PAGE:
The Kaduna State Executive Council has approved a draft Fiscal Responsibility Bill. The bill, which provides for an independent commission to monitor and enforce the provisions of the proposed law, will now be submitted to the state’s House of Assembly for legislation. The council also decided to abolish payment of fees for admission forms and processes.
A statement signed by Samuel Aruwan, Special Assistant, Media and Publicity, disclosed that these are some of the highlights of this week’s meeting of the Kaduna State Executive Council.
“Briefing reporters after the fourth meeting of the State Executive Council, Finance Commissioner Suleiman Kwari disclosed that the Fiscal Responsibility Bill is designed to help protect the state from fiscal indiscipline by reforming public financial management in the state. He said that the absence of a guiding framework for fiscal policy by previous governments had seen the state become one of the most indebted in the country. Therefore, the new government has decided to pursue macro-fiscal discipline, compliance with rules and the attainment of budget credibility.
“Kwari said the that when passed into law, the bill will limit possible deficits to not more than five per cent of aggregated revenue. The law will also create a Kaduna State Fiscal Responsibility Commission (KADFREC) which shall be independent and be capable of recommending violators for prosecution, which on conviction may result in imprisonment or the payment of fines.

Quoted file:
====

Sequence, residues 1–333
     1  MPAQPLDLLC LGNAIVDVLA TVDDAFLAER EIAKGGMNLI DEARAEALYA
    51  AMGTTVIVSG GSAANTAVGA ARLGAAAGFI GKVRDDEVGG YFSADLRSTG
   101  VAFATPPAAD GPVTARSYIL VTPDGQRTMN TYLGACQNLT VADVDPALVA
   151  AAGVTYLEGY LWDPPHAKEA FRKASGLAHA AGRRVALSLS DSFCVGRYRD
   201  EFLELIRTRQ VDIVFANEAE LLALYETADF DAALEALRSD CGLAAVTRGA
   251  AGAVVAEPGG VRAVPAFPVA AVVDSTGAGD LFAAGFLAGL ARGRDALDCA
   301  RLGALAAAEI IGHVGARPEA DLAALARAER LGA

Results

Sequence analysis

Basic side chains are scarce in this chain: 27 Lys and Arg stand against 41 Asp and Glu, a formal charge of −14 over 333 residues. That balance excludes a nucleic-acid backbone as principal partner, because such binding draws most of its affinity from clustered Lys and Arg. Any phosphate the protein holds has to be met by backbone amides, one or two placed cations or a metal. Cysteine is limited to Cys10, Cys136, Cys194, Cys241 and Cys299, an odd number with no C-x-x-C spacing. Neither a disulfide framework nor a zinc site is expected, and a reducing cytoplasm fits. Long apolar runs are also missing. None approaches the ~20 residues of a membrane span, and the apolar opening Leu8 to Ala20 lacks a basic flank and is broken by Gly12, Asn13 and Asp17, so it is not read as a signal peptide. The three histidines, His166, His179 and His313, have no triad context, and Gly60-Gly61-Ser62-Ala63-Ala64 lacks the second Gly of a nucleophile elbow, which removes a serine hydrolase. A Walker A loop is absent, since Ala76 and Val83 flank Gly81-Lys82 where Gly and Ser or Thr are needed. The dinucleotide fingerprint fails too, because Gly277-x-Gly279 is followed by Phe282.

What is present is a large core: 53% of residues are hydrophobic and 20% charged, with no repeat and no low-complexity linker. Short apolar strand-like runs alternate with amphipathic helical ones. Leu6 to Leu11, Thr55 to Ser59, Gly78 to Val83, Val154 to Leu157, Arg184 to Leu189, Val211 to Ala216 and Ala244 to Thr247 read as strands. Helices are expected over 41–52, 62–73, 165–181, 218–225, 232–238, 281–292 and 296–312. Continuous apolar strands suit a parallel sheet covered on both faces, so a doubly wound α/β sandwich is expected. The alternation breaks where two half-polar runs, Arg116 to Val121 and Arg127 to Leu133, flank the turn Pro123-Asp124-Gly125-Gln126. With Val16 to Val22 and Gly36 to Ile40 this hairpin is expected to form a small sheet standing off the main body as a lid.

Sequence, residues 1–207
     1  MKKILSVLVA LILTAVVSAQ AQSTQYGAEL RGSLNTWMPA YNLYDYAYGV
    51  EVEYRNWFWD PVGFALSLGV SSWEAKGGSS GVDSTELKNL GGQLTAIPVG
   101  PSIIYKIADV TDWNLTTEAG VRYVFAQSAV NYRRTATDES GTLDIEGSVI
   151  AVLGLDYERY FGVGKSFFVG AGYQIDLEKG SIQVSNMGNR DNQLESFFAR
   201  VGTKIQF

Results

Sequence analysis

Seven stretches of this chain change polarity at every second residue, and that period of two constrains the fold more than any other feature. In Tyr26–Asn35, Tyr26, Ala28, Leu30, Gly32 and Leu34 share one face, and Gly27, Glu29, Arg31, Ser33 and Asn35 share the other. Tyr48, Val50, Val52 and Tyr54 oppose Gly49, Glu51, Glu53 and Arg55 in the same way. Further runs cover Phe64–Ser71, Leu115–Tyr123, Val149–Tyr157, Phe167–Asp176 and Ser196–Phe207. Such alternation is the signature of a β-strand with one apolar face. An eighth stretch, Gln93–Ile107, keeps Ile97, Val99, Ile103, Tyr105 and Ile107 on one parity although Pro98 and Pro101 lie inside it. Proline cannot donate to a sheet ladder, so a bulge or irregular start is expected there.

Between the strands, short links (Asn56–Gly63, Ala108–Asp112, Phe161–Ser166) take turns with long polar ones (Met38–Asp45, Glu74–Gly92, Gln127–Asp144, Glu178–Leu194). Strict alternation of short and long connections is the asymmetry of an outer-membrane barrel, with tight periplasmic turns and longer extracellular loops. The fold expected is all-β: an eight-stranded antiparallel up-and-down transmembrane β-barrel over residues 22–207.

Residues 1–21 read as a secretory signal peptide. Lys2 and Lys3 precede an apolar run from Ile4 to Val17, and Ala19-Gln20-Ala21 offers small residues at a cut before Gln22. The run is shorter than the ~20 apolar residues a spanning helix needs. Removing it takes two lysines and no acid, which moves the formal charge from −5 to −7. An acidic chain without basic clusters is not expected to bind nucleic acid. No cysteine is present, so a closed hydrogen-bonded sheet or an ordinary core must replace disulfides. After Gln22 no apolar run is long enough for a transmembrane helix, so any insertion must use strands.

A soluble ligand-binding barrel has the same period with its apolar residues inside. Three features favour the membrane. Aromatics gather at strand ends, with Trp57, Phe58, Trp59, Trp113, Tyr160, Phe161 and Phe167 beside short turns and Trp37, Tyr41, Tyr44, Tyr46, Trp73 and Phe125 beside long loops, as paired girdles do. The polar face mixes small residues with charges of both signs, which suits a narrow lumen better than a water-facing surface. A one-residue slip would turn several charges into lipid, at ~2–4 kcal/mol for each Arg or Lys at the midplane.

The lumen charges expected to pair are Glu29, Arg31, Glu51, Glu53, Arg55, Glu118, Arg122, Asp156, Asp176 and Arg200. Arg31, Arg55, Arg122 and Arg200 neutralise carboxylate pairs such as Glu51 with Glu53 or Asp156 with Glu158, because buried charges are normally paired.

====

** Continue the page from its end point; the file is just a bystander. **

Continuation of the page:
“The finance commissioner also reminded MDAs that extant laws prohibit the receipt of cash payments from members of the public.
“At the press briefing, Dr. Shehu Usman Adamu, the commissioner of education, announced the cabinet decision that henceforth admission forms and admission processes will be free in all tertiary institutions owned by the state government. Adamu said that under no condition should scratch cards be sold to admission-seekers for access to school portals. He explained that council is persuaded that the aspirations of young people for admission into higher institutions should not be treated as a revenue source. Adamu also conveyed the council decision that all non-teaching occupants of school quarters should vacate the premises within 90 days, while teachers transferred to other schools will have six months to give up their former quarters.
“Concluding the briefing, the health commissioner Professor Jonathan Andrew Nok had good news for the student-midwives of the state’s College of Midwifery, Tundun Wada. These students, many of whom were admitted starting in 2009 for a three-year course of study, are yet to graduate due to problems with accreditation of the school. The government has decided to post them to public hospitals for practical training under qualified midwives pending when they will be able to write their qualifying exams. This would ensure that the students are not penalised for the mistakes of officials who admitted them without accreditation. Their postings to public hospitals is expected to help boost the number of skilled birth attendants in the state. The council approved the payment of a monthly stipend of N15,000 to the student-midwives for the period of their practical training.”